Referral Guidance for Leaders
Supervisors are in unique positions to help employees whose work may be affected by personal problems, as we are all impacted at times in our lives. These concerns can affect employees' relationships and performance at work and at home. The earlier that work problems are addressed, the sooner the employee will get the resources and support needed to live and work more productively.
1. Show care and concern to the employee. Base a referral on observed behavior, such as frequent tearfulness, outbursts, or avoidance of others at work. Avoid making assumptions about what’s causing behavior or trying to diagnose the employee.
2. Balance concern with accountability. When there is a performance concern, be honest, clear and firm—and respectful. EAP referrals are most successful when the approach is balanced with genuine care and accountability.
3. Separate EAP referral from disciplinary action. A referral is not disciplinary and should not be viewed as a substitute for progressive discipline.
4. Do not attempt to require use of EAP Work/Life Counseling, which is a voluntary program. Whether or not an employee follows through with a referral, a supervisor should continue to monitor and document job performance, take action necessary to provide accountability, and attempt to motivate the employee to correct the behavior.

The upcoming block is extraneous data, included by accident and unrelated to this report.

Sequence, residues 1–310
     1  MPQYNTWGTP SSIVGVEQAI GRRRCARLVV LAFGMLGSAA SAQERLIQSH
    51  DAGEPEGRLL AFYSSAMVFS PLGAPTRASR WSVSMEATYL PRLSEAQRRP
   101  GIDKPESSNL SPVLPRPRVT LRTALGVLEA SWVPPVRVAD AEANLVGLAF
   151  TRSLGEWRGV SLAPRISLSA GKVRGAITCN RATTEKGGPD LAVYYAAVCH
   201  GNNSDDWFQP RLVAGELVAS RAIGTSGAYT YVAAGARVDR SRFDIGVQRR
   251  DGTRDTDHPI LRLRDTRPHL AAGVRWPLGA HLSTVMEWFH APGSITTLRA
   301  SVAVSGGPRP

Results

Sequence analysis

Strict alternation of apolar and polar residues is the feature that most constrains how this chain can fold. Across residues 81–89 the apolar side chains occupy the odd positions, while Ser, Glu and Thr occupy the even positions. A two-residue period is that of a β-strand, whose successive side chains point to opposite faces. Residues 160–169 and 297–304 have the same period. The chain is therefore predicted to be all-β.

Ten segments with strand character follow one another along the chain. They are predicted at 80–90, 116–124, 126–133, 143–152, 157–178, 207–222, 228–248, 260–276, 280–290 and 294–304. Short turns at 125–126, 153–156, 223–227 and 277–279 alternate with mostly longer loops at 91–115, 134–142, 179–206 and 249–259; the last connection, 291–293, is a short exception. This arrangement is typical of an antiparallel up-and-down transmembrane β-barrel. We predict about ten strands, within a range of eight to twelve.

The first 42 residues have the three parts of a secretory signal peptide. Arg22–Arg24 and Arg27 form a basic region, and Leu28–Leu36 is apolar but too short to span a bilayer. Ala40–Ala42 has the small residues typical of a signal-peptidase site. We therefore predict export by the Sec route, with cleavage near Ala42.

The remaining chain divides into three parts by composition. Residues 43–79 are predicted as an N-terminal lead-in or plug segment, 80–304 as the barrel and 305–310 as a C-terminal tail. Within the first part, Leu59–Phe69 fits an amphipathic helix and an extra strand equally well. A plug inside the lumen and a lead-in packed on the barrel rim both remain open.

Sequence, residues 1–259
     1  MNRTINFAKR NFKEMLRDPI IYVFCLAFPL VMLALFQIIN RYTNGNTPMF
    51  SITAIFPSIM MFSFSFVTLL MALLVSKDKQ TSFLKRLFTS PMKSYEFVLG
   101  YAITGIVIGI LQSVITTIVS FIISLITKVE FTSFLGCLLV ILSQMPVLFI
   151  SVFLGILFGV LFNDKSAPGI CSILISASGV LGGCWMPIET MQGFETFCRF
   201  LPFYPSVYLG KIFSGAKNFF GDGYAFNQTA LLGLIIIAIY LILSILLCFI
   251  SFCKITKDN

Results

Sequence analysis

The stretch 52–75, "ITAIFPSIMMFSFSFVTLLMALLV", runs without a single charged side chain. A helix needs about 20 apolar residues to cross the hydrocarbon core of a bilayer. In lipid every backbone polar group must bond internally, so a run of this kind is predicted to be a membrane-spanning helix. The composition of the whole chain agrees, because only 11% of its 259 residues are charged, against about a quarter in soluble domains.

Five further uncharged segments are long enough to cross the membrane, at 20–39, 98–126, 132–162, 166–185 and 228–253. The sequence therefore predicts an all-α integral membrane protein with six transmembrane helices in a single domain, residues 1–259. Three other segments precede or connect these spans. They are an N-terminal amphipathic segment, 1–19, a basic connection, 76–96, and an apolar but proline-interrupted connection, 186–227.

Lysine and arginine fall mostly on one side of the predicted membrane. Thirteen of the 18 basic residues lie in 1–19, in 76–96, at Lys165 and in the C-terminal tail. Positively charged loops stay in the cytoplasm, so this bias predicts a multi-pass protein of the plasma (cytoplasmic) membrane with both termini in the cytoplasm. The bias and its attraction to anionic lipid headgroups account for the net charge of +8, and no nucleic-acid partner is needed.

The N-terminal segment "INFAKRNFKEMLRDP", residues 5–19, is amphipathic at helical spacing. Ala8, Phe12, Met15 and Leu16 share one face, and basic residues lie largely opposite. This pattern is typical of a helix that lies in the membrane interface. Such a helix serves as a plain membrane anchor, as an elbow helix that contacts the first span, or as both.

5. EAP referrals should never be referenced in an employee’s performance evaluation. EAP referral is an employer’s offer of help, it is not a measure of an employee’s poor performance.
Support for the supervisor
The EAP’s internal Organizational Health team is a valuable resource for leaders with concerns about behavior in the workplace. We can help sort out complex and sensitive workplace issues, provide coaching and language for specific situations, and offer techniques and direction to ensure a healthy, productive resolution. The earlier you contact a consultant the greater likelihood for success. EAP’s Organizational Health consultants can be reached at 651-259-3841 or email the Organizational Health team